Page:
In an isolated area like that, my opinion would be you want flexible, and in my book that would mean a 4x4 TLB. Handles typical tractor duties with common implements on the rear 3 point or draw bar. The loader on provides basic loader/bucket work, and a skid steer based quick attach (perhaps with supplemental forward hydraulics) gives most all of the capabilities of the skid steer; with the tradeoff of reduced maneuverability and smaller loaders have less lift capability. With a frame mounted rear backhoe, it handles light backhoe duties for more depth and/or finesse, and can easily mount/unmounts itself when tractor duties are needed. Any number of attachments are readily available from forks to "thumbs" and grapnels to log splitters and so on. I've heard of using a tractor PTO for emergency generation, but my understanding is that this is not at all optimal, and may interfere with using said power source as a tractor in dealing with said emergency situations (often regarding weather). And the loader (bucket and/or dozer blade, or both with dozer blade on the rear) can be used for excavating basements, preparing for a pad, add a few hooks and chains to move logs, put on the forks to move a pallet of blocks, the options are endless.

The main benefit of the skidder is maneuverability, and there will certainly be times you would like to have it. But the tractor is infinitely more flexible. And maneuverability of most modern quality tractors is not too bad, particularly for smaller versions. The down side of smaller versions is shear power, and not talking about HP ratings. Mass is HUGE when getting work done with a tractor. Loaded tires and ballast boxes help more than you would imagine. And smaller tractors generally have less hydraulic capacity, so if you extend the bucket with forks, it may no longer be able to lift the pallet of concrete blocks. But a bigger tractor could (sacrifice $ and maneuverability), or removing the bucket and mounting a skidder fork package might improve the physical characteristics (shorten leverage) enough to lift and place the load. A skid steer would make an excellent addition to the shed, but a tractor is the central piece in my opinion. On your place, it would likely be a small/mid L series Kubota TLB with 4x4 with R1 tires and HST plus supplemental hydraulics. But if you choose that path, do your research because there are some issues with various models that you will want to know about.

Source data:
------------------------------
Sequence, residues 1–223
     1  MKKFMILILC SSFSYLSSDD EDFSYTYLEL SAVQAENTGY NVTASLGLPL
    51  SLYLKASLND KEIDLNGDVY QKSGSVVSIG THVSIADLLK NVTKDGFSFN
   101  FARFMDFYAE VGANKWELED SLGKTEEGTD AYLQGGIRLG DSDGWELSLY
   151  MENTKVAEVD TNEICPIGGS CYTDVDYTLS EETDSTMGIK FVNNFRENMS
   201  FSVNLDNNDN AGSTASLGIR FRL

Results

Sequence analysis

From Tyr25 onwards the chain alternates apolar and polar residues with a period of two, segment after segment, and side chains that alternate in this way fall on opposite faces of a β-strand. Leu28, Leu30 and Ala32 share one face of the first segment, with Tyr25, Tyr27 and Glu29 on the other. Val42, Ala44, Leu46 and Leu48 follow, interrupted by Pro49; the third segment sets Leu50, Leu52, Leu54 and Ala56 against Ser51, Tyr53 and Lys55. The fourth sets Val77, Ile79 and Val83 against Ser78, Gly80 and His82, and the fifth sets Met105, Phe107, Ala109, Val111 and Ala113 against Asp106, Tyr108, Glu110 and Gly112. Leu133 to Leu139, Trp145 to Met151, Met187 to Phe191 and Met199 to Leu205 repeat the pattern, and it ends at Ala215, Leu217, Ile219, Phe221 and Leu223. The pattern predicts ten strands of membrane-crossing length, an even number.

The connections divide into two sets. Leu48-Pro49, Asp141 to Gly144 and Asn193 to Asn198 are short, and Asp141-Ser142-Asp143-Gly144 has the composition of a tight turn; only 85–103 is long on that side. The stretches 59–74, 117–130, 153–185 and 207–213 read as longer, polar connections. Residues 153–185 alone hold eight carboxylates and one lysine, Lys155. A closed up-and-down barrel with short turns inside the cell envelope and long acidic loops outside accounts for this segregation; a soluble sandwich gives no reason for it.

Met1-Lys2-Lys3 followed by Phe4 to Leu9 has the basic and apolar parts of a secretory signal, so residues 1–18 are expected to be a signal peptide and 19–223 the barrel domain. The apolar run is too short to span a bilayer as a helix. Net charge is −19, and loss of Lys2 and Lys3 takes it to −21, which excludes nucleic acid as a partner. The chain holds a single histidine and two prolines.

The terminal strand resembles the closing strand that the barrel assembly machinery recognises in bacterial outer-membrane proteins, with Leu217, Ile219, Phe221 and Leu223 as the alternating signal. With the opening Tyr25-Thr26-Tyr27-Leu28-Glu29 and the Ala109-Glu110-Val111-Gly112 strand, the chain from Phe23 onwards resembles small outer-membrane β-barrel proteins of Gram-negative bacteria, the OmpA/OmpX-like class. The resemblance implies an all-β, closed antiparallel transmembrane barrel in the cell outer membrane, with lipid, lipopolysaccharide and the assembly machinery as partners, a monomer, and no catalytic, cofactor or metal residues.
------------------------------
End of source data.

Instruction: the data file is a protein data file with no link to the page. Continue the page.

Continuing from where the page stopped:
Russ
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seal killer
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Re: OT: Building in isolated location

Post by seal killer » Sun Aug 09, 2015 6:54 pm

Bill and Glenn and Russ--

Thank you for the advice. There is a lot to consider. I could really use a hoe, so now the TLB is sounding good. (My wife wants a TLB. Maybe I will get one for her and a skid steer for me? :) )

Bill, I am glad to know that skid steers with tires do well in snow. I suppose one would have to think about getting high centered, but the snow in Missouri rarely gets that deep. A foot of snow is a lot, there.

--Bill
You are what you write.